Elliott Abrams, U.S. envoy for Venezuela, faces combative House hearing as policy stalls
In his first appearance in Congress as special U.S. envoy for Venezuela, Elliott Abrams on Wednesday defended the Trump administration’s seemingly stalled efforts to oust President Nicolas Maduro, saying the authoritarian ruler’s “time is up.”
“There is a storm brewing inside the Maduro regime,” said Abrams, a veteran diplomat best known for his role in the Iran-Contra scandal of the late 1980s. “He will not be able to weather it much longer.”
In a sometimes combative hearing before the House Foreign Affairs Committee, Abrams described a diplomatic and political effort aimed at driving a wedge between Maduro and his top military commanders on one side, and the civilian population and lower ranks of the army on the other.
Abrams said analysts has detected “cracks” in Maduro’s support, indicating the approach might be working, but he declined to go into detail in a public setting.
To increase pressure on Maduro, the administration has slapped sanctions on Venezuelan officials and income sources such as oil exports. Abrams said the State Department will revoke U.S. visas for judges on Maduro’s Supreme Court. It previously revoked visas for members of the pro-Maduro parliament.
The Trump administration recognized opposition leader Juan Guaido as Venezuela’s interim president on Jan. 23, and Secretary of State Michael R. Pompeo appointed Abrams to his post two days later. Most of Latin America and Europe also has recognized Guaido’s shadow government.
Maduro has refused to step down, however, and his grip on power appears to have tightened despite large-scale protests in a country roiled by political and economic turmoil.
Abrams was an unusual choice for the job, and not just because he denounced Trump in a magazine piece titled “When You Can’t Stand Your Candidate” during the 2016 presidential race.
During the Reagan administration’s Iran-Contra scandal, which revolved around the illegal sale of arms to Iran to help support rebels trying to overthrow a leftist regime in Nicaragua, Abrams pleaded guilty to two counts of withholding information from Congress as part of a plea agreement. He was pardoned by President George H.W. Bush in 1992.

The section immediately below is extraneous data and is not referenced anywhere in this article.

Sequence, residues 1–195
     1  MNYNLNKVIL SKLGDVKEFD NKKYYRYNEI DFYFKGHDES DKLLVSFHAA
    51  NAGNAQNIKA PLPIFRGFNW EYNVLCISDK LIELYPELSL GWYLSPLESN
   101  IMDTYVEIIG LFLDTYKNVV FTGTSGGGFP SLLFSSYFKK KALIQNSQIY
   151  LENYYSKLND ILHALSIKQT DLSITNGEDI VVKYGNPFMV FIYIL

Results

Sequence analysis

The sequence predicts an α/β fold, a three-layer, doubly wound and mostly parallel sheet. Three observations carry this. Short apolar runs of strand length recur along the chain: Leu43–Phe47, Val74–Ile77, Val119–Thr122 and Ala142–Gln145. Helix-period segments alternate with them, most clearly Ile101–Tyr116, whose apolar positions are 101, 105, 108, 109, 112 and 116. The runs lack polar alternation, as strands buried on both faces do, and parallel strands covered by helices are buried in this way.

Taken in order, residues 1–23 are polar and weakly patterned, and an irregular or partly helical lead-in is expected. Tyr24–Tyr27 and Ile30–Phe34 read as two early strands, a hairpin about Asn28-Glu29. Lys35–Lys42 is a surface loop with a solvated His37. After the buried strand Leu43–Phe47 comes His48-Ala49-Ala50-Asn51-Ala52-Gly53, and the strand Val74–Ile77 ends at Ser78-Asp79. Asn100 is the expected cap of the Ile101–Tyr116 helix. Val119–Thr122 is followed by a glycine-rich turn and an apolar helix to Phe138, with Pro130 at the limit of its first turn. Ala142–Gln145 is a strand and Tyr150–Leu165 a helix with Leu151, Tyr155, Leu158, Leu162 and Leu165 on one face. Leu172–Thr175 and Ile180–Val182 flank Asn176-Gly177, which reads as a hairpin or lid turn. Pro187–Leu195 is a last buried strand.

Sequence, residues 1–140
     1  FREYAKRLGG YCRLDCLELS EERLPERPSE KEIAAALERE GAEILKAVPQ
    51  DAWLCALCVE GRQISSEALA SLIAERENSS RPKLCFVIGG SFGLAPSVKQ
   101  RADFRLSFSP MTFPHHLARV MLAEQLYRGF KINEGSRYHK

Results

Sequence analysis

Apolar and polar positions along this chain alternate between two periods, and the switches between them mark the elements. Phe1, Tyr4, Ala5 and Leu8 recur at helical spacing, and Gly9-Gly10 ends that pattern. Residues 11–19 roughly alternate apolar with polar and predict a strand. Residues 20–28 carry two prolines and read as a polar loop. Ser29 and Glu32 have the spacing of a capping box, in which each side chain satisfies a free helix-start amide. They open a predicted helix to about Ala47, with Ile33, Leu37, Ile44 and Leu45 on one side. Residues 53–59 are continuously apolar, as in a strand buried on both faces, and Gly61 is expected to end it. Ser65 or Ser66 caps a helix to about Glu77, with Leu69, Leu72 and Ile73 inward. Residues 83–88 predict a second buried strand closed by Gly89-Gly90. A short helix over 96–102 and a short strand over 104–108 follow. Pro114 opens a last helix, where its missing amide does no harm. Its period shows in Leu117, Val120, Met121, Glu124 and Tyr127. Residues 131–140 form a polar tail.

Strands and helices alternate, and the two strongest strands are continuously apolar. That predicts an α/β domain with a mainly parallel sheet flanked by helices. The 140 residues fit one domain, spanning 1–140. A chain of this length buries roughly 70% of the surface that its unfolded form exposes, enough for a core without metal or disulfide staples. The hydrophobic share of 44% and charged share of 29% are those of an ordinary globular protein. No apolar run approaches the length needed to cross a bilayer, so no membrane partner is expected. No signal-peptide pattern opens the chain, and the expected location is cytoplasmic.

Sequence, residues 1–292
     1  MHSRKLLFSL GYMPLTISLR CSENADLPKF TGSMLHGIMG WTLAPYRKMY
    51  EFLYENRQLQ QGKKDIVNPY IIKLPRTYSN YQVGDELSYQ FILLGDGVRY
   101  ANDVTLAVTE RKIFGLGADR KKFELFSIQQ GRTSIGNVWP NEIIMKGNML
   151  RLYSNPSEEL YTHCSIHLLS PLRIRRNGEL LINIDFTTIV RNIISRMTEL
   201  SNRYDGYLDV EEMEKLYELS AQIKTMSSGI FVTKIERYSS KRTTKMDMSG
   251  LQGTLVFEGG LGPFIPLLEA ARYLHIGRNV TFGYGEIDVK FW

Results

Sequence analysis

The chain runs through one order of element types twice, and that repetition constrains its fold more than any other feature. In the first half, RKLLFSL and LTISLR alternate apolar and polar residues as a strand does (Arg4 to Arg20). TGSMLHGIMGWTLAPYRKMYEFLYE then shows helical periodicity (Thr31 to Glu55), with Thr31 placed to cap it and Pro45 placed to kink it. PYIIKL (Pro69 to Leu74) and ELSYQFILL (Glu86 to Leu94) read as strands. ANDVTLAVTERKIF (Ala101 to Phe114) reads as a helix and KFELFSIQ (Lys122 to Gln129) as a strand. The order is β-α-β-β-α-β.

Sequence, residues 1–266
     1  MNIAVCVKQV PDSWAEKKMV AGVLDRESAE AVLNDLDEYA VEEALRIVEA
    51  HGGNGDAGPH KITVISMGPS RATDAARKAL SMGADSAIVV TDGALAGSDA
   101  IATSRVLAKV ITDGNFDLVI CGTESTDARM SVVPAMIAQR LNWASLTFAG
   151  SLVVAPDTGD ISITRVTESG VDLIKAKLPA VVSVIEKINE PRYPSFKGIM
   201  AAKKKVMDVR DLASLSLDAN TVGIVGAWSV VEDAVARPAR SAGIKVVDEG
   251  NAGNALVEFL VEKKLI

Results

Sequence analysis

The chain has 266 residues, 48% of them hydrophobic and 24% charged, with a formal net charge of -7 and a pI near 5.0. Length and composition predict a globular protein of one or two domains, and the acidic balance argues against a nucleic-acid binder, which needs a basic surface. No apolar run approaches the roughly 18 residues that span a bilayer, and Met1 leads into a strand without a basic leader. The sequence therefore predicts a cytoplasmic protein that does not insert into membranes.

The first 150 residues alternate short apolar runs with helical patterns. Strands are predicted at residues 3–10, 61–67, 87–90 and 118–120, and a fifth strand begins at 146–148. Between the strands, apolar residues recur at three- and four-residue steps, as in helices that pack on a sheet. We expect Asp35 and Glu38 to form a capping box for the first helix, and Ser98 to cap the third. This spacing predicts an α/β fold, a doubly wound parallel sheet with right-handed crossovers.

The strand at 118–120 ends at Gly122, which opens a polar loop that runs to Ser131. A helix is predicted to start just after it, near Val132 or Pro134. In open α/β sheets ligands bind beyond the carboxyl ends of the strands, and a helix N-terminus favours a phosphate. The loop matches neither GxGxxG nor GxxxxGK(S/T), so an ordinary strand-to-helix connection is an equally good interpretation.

Abrams was interrupted twice at the start of his testimony by protesters who chanted against staging a “coup” in Venezuela. They were removed by security guards.
When Abrams concluded his opening statement, another protester jumped up and shouted, “War criminal!” He, too, was removed.
Lawmakers urged Abrams to persuade the administration to admit more refugees from Venezuela and to consider giving those already here temporary protected status, a category that shields specific groups of nonresidents from deportation. Trump has ordered those protections removed for several groups, including Salvadorans and Haitians.
More than 3 million Venezuelans are believed to have fled their country in recent years, creating a refugee crisis in the region.
Several Democratic lawmakers, including the committee chairman, Rep. Eliot Engel of New York, expressed concern that Trump has publicly floated the idea of sending U.S. troops into Venezuela.
“This is not the path … the United States is pursuing,” Abrams responded. He added, “We always take the position that all options are on the table.”
“That plays right into the hands of the dictator who is our adversary,” Rep. William Keating (D-Mass.) snapped back.
Use of force “is not the preferred path and not the path we are going down,” Abrams reiterated.
Asked to pledge that the Trump administration would not send U.S. troops into Venezuela without consulting Congress, Abrams said he was “not in a position” to do so.
Two Democrats, Rep. Joaquin Castro of Texas and Rep. Adriano Espaillat of New York, revived Abrams’ Iran-Contra past to question his ability to perform his current job.
Castro asked if the Trump administration has sent weapons to Venezuela’s opposition. When Abrams gave an emphatic “No,” Castro asked, “Can we trust your testimony today?”
Castro noted that Abrams’ previous troubles involved supplying lethal weapons to rebels in Nicaragua “against the will of Congress.”
Tempers flared when Espaillat said the “baggage” Abrams carried disqualified him to lead the anti-Maduro effort.
Abrams, who served as an assistant secretary of State from 1981-89, angrily said that numerous military dictatorships were replaced by civilian governments in that period.
He added that not a single Latin American official he has met since becoming special envoy has brought up his controversial past.
Abrams grew red in the face when Rep. Ilhan Omar (D-Minn.) recounted his statements from the past that attempted to discredit as communist propaganda journalists’ reports of massacres by U.S.-trained troops in El Salvador.
“I’ve been attacked!” he shouted at one point, when Omar would not let him speak to defend himself.
For more on international affairs, follow @TracyKWilkinson on Twitter
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